A Bush Chief of Staff Offers Advice for Obama

What's the best way to play good cop? Get a really hard-core bad cop. That's precisely what Barack Obama did Thursday in his first move as president-elect, selecting notoriously pugnacious Democratic Rep. Rahm Emanuel to serve as his chief of staff. "No one I know is better at getting things done than Rahm Emanuel," Obama said in announcing his pick.

That's one way of putting it. Emanuel, 48, has developed a reputation as a fierce taskmaster since his days as a Clinton White House operative, so much so that even his mother reportedly calls him "Rahmbo." He once sent a rotting fish to a pollster who rubbed him the wrong way, and he seems to delight in wagging his partially lopped-off middle finger at rivals (the result of a teenage meat-slicing mishap). "He's got this big old pair of brass balls, and you can just hear 'em clanking when he walks down the halls of Congress," Paul Begala told Rolling Stone back in 2005, after serving with Emanuel on Clinton's staff.

Given the challenges ahead, he'll need all the fortitude he can muster. But can he forge a consensus, as well as crack the whip? NEWSWEEK caught up with President Bush's first White House chief of staff, Andy Card—who might be characterized as Emanuel's temperamental opposite—to get his insights into the trials and tribulations of the job. Card took his share of lumps, but he lasted longer than all but one other White House chief of staff.

NEWSWEEK: Does the chief of staff need to have the thickest skin in Washington?
Andy Card: Yes. You have to have a steely resolve, thick skin, a velvet glove, a listening ear—and you have to be decisive. There will be scores of people clamoring for your attention on any given day; probably about 20 to 30 in the White House, another 20 to 30 members of Congress. And in terms of the media—well, they're insatiable, so I would take my direction from the press secretary. Probably about 10 percent of the cabinet on any given day is scratching at your door. Develop some priorities and delegate, because it's a grueling job, a 24/7 job. I think [current chief of staff] Josh Bolten does a better job at it than I did.

What's the single most important aspect of the job to get right?
Earn and keep the trust of the president. Those are two different statements. Don't talk about things you shouldn't be talking about, beyond what the president tells you. Remember that you're serving the president and the First Lady, not a constituency. You're not only there to help the president do his job, but you are also responsible for protecting the institution of the presidency—and sometimes, those will appear to be in conflict. Also, the White House is very good about paying attention to structure and organization, but I think the chief of staff also needs to pay attention to the psychology, emotions and needs of the president beyond policy. That could include contemplation time, time to call a friend or time to read a book. The chief of staff needs to be focused on the president's 24-hour experience, not just his time in the Oval Office.

Any tips for how to balance all the competing needs from different people within executive branch?
You have to have excellent peripheral vision, recognizing that a lot of other people in the White House will have tunnel vision. People who are experts on policy might come breathlessly into your office declaring that they're ready to get something done, but the truth is the decision may be disconnected from the reality of connecting with Congress, or the United Nations, or even the American people. Just because the policy wonks are ready doesn't mean the climate is receptive to the debate.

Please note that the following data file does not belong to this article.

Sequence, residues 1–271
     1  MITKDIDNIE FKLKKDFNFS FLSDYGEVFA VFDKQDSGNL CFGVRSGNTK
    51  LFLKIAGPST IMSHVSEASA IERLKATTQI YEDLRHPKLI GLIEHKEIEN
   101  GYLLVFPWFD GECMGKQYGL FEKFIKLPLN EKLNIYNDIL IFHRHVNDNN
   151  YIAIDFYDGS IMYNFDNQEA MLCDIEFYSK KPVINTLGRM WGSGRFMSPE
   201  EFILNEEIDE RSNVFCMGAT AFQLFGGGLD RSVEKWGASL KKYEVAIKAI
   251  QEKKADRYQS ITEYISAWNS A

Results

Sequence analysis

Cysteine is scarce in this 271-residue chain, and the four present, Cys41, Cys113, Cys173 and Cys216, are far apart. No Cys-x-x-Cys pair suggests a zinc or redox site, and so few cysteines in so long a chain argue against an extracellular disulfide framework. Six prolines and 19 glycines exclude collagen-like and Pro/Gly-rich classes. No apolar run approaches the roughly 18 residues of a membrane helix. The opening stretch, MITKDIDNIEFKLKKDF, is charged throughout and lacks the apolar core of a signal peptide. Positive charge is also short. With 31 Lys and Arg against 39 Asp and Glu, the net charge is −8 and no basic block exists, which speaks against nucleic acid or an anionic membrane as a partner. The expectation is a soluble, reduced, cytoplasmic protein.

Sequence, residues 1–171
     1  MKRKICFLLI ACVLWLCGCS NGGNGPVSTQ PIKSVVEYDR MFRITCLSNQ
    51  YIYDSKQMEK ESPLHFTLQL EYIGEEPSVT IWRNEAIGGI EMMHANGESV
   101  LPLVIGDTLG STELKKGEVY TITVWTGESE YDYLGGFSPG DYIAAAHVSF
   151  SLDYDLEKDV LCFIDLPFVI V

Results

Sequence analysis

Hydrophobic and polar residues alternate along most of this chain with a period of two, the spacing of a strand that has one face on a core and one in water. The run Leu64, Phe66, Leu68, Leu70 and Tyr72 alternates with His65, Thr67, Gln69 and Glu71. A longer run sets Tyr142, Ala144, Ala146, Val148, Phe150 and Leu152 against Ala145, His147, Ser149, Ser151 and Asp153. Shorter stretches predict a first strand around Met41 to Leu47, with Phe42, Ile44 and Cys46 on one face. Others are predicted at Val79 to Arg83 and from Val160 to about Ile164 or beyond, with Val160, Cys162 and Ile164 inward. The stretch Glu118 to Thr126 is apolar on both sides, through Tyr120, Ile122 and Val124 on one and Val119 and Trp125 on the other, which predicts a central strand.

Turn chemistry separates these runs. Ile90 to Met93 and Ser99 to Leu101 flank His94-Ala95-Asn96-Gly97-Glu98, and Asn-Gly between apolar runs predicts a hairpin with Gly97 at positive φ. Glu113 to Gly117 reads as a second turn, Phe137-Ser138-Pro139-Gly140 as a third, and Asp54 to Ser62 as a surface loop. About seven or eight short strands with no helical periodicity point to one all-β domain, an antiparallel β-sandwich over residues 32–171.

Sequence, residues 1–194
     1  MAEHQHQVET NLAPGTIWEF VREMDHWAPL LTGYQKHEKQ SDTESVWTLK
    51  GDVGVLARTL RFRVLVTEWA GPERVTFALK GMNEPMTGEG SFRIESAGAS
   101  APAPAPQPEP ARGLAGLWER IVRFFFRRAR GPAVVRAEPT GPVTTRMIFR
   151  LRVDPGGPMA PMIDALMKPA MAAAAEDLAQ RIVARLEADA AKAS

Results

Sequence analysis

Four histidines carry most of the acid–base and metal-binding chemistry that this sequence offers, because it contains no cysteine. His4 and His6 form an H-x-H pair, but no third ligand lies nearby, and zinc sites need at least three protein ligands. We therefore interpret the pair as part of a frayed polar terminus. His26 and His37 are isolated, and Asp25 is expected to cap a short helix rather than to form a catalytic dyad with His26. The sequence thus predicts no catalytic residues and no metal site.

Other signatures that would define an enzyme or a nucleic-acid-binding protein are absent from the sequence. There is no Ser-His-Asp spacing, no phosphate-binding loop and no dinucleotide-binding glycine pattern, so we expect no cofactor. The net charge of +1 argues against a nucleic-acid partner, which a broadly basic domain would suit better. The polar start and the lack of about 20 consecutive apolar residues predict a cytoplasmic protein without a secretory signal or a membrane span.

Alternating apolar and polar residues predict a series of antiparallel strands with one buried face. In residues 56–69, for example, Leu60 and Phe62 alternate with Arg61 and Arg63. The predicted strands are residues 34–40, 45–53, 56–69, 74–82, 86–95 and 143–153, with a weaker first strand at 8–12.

Did you have a favorite technique for turning down requests from people who just won't get the message?
No, I just tried to be polite, to be inclusive rather than exclusive, and to set priorities and keep to them. I imposed the same test on everyone: the test of needs versus wants. You have to make sure you address needs, but you can't address wants, because they'll crowd out the time for the needs. It's a tremendous management challenge. I used to manage by walking around and talking to people, rather than waiting for them to come to me. But you have to make decisions. If you are not decisive, the White House will not function very well.

What about when there are disagreements among top figures? That's a lot of ego for one person to manage.
Disagreements among staff members are actually the norm rather than the exception. Most people who work in the White House are type-A personalities, so even when they agree they don't want to admit it. Contrary to the myth, there is no monolithic thinking in the White House. It's more important to make sure the arguments are civil and respectful than to try to make them disappear. You actually want a healthy tension and contrarian views expressed.

What about dealing with us fine folks in the media? I believe it was James Baker who wrote in his book that he liked to be the anonymous source, because he felt he could better control the flow of information.
I took my direction on the press from the people who are paid to do that. I didn't try to manage the press, because I'm sure I would never be able to manage it well—and I'm sure that caused me some problems.

If you were to go back and do one thing differently, what would it be?
I probably would've left a year and a half earlier.